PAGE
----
PACE’s aggressive minority fails to impose its viewpoint / News / News agency Inforos
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PACE’s aggressive minority fails to impose its viewpoint

PACE’s aggressive minority fails to impose its viewpoint

Common sense has prevailed in the Parliamentary Assembly of the Council of Europe where for the first time over the past five years the aggressive anti-Russian minority has failed to impose its viewpoint, Russian Senator Konstantin Kosachev wrote on his Facebook page, commenting on a resolution enabling Russian legislators to return to PACE and take part in the summer session.

"Tonight, the first and a very important result has been achieved in Strasbourg. Perhaps, the aggressive and well-mobilized minority, which is no stranger to twisting facts and sometimes a blatant lie, has failed to impose on PACE its "only right viewpoint." Common sense has prevailed in the Assembly as well as the understanding of the responsibility for the fate of the entire organization, rather than its "armed wing," and, if you want, the feeling of political self-preservation," said Kosachev, who chairs the Russian Federation Council’s (upper house) Foreign Affairs Committee.

The Russian delegation is ready to return to PACE for the sake of the truth, Kosachev stressed. "This platform cannot be left at the mercy of Russophobes, who dream about kicking Russia out of Europe," he went on to say.

On Tuesday, PACE is expected to announce the terms for a possible return of the Russian delegation to the Assembly, Kosachev noted. "It will be no less hot. Just like the day before, this will be again a clash of Europeans with Russophobes. This is exactly the same way. Russia is together with Europeans. I wish the Council of Europe and its Parliamentary Assembly only victory," Kosachev is quoted as saying by TASS.

According to the senator, the first day of the June session in PACE will become history because of several records. The discussion on the issue of improving the decision-making process of the Assembly concerning credentials and voting involved nearly 70 deputies and more than 220 amendments were considered. "But the key feature of the discussion was the unprecedented polarization of opinions and the emotionally charged atmosphere. Although the report did not mention any country, it was reduced to discussing the issue of Russia and whether it should be in PACE or not," he said.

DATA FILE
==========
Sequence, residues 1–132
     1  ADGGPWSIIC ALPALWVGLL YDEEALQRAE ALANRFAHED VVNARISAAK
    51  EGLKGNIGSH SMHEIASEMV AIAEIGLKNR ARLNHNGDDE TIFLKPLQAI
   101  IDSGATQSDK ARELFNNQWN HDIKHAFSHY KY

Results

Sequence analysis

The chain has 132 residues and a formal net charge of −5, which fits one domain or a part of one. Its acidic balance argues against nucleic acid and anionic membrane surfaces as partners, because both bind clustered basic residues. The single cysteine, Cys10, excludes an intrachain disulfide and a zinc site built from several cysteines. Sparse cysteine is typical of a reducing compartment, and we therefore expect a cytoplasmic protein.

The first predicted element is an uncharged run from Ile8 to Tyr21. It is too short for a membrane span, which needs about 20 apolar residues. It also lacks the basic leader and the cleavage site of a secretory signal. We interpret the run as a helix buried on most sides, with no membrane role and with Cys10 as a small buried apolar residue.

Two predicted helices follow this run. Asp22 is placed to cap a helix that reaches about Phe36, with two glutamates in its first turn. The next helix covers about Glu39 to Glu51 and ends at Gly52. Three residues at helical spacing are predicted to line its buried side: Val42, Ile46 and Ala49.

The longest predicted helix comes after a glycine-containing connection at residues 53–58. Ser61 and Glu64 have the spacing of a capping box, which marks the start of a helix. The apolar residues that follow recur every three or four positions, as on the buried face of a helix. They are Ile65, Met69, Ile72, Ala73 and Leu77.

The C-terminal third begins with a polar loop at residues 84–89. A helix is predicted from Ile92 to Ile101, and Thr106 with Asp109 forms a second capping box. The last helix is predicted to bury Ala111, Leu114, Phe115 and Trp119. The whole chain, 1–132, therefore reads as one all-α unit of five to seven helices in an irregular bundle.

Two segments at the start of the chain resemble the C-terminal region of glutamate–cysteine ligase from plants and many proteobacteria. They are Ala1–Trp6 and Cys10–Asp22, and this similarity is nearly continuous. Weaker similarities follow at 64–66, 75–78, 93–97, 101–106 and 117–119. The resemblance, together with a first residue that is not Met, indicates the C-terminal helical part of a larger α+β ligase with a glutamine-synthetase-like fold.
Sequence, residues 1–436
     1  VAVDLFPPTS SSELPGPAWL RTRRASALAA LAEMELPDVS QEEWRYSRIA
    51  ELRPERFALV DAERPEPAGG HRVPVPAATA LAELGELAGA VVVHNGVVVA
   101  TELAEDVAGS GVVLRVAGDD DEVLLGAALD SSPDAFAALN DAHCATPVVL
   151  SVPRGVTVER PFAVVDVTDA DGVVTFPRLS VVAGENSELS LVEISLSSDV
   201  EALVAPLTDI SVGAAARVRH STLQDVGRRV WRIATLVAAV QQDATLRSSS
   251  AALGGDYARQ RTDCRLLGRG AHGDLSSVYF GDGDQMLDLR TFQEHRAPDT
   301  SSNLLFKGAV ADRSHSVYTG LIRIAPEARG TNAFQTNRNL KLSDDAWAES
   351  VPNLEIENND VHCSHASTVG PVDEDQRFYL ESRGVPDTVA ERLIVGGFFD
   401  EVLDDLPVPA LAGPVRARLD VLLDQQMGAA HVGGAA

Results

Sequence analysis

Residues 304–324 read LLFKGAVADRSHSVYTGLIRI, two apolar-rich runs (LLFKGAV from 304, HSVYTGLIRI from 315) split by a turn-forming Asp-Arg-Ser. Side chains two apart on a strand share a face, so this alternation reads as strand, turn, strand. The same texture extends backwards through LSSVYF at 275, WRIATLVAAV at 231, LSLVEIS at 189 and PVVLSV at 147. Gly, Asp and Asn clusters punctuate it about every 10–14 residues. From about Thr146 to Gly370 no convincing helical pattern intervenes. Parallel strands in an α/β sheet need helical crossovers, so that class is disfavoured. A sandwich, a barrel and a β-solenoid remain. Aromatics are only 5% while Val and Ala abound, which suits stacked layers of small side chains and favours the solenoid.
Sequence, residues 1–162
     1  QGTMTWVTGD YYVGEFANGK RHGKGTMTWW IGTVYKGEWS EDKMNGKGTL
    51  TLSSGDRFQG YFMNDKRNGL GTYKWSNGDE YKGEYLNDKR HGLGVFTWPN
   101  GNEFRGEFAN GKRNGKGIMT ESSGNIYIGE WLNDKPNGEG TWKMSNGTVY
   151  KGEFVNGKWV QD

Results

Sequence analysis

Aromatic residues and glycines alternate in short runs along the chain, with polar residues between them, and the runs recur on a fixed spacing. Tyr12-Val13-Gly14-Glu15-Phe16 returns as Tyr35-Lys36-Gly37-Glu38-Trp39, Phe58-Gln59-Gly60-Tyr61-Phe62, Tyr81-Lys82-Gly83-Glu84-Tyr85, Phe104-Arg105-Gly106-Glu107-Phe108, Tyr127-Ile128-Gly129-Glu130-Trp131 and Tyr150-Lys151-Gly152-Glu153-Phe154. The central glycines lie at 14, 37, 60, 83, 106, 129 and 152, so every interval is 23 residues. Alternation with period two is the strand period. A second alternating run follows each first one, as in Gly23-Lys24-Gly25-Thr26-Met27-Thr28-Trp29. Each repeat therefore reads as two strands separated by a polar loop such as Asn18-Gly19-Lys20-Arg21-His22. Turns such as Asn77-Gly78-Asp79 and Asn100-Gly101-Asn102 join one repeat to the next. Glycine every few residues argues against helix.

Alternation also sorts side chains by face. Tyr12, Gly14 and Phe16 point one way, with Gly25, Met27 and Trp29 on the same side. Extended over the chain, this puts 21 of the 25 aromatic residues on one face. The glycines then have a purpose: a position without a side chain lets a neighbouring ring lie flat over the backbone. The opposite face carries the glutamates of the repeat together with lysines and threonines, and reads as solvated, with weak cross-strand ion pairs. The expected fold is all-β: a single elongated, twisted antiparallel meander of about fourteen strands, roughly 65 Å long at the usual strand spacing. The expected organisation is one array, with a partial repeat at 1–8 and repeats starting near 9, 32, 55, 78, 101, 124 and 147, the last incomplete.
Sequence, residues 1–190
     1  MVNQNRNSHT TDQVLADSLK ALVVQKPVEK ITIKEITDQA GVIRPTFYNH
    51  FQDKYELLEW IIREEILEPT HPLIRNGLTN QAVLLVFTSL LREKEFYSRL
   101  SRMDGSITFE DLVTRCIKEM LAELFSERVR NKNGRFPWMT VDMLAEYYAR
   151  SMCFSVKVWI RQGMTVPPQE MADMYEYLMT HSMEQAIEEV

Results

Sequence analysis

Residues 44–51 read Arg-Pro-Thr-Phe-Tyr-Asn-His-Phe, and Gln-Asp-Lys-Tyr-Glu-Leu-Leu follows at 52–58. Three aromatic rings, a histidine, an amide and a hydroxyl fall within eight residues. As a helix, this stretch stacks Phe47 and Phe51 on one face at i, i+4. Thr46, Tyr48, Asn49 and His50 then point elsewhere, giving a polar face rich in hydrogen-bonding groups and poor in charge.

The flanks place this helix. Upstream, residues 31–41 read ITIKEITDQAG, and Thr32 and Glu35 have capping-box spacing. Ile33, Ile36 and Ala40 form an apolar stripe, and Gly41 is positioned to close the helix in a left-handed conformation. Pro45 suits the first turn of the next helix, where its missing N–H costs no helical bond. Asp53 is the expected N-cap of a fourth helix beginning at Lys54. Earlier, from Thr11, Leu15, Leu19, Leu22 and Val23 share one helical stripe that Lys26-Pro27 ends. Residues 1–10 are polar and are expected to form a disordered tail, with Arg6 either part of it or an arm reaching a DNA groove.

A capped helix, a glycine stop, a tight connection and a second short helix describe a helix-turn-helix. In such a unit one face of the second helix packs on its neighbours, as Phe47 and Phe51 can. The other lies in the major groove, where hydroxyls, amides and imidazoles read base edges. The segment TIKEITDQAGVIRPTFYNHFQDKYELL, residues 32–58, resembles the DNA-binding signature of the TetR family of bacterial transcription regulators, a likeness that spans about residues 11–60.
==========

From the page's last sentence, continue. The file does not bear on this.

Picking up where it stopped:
The senator also voiced concerns that although Moscow was satisfied by the result of the vote, it is alarming that Russia’s opponents in the Assembly again "tried to throw mud at Russia, accusing it of all possible and impossible breaches of "European values."

Earlier, PACE approved the resolution of Belgian representative Petra De Sutter that will allow the Russian delegation to take part in the Assembly's June session. The resolution was supported by 118 members, 62 people voted against it, and 10 people abstained. PACE decided that its members’ "rights to vote, to speak and to be represented in the Assembly and its bodies shall not be suspended or withdrawn in the context of a challenge to or reconsideration of credentials". The Assembly also agreed on inviting the parliaments of Council of Europe member States "which are not represented by a delegation to the Assembly" (Russia and Bosnia and Herzegovina) to present their credentials at the June 2019 part-session.

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